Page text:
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Friday, June 7th, 2013 by

Fire AntsTwo NewSouth Books authors came together recently when syndicated columnist Rheta Grimsley Johnson (Hank Hung the Moon, 2012) attended writer Frye Gaillard’s April 10 event at Eclipse Coffee and Books in Montevallo, Alabama. Gaillard was there to talk about his new book The Books That Mattered: A Reader’s Memoir.

Johnson, writing about the event and the book in her recent column “The Books That Rocked Your World,” said that “in writing compellingly about some of his favorite books and authors, the ones that moved and shaped him, Gaillard has produced another book that matters.”

In The Books That Mattered, Gaillard relates the books that shaped his life, from Esther Forbes’s novel Johnny Tremain that first sparked Gaillard’s interest in reading, to classics by Charles Dickens and Mark Twain and the work of Harper Lee, Robert Penn Warren, and John Steinbeck; to newer books by Rick Bragg, Sena Jeter Naslund, Geraldine Brooks, and others.

After Gaillard spoke, the audience took turns relating some of their favorite books and authors, and how those books had shaped them. and the audience took turns describing their favorite books and books that had influenced their lives, as Gaillard does in his memoir. “Fourth grade,” Johnson notes, “seemed to be the most popular year for life-altering trips to the library. Gaillard’s talk inspired Johnson to muse about her own life-changing reads.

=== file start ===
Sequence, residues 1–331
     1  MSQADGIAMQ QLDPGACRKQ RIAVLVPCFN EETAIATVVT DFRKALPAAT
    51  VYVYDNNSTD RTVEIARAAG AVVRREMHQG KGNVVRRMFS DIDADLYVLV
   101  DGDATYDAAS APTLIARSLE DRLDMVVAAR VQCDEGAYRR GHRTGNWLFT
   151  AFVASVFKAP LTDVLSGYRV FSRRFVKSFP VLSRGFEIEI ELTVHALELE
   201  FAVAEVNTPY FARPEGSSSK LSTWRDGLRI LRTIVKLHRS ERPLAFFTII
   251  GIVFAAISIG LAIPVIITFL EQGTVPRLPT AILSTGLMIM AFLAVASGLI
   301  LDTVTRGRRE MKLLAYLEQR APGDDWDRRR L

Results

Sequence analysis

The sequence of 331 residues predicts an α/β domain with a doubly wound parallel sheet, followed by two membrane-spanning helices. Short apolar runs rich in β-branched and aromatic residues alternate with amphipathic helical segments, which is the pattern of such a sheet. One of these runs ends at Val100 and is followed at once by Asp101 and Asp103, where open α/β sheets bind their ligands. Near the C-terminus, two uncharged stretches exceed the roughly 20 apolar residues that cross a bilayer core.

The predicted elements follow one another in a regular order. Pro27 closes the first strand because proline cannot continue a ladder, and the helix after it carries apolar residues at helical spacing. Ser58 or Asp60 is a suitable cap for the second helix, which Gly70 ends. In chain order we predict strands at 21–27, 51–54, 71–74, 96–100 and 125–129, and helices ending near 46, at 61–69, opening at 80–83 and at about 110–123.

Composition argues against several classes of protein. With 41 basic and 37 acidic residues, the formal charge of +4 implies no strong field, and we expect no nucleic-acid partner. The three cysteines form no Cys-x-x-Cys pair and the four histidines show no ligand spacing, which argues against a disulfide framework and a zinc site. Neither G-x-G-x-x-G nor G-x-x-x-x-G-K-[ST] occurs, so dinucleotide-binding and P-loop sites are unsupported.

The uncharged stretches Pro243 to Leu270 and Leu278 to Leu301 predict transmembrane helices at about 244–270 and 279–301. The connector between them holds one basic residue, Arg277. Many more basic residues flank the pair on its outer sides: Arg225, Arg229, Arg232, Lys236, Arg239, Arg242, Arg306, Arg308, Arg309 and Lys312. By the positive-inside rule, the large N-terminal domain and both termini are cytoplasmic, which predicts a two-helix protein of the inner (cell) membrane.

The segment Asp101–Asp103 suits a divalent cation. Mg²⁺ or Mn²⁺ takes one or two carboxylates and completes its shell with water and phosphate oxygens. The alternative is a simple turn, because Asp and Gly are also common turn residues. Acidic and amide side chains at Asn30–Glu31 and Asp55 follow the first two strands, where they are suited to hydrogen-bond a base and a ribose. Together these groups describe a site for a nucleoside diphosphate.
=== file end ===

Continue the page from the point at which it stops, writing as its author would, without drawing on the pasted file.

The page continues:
She valued many of the early books she read, or that were read to her, for their illustrations, including Robert McCloskey’s Make Way for Ducklings “done in nuanced charcoal” and the Homer Price series with “McCloskey’s attention to the detail of gears and switches and Rube Goldberg-type design of a fantastical doughnut machine.”

“I started thinking about how illustrations always influence my reading,” Johnson writes, “from the freckles on Anne of Green Gables’ nose to Beautiful Joe’s fathomless eyes, from steamy scenes on the covers of James M. Cain paperbacks to, well, the perpetual virgins on Louisa Mae Alcott’s novels. Maybe you can’t judge a book by its cover, but you can sure buy one because of it.”

Johnson concludes that while she agrees with many of the choices Gaillard mentions in The Books That Mattered, she recognizes Frye’s “hope … not that we will adopt the same favorite books, swayed by his elegant telling of their back stories, but that we will ‘create an equally personal list,'” as Johnson did.

Read Rheta Grimsley Johnson’s full column, “The Books That Rocked Your World.”

Frye Gaillard’s The Books that Mattered is available from NewSouth Books, Amazon, or your favorite bookstore.

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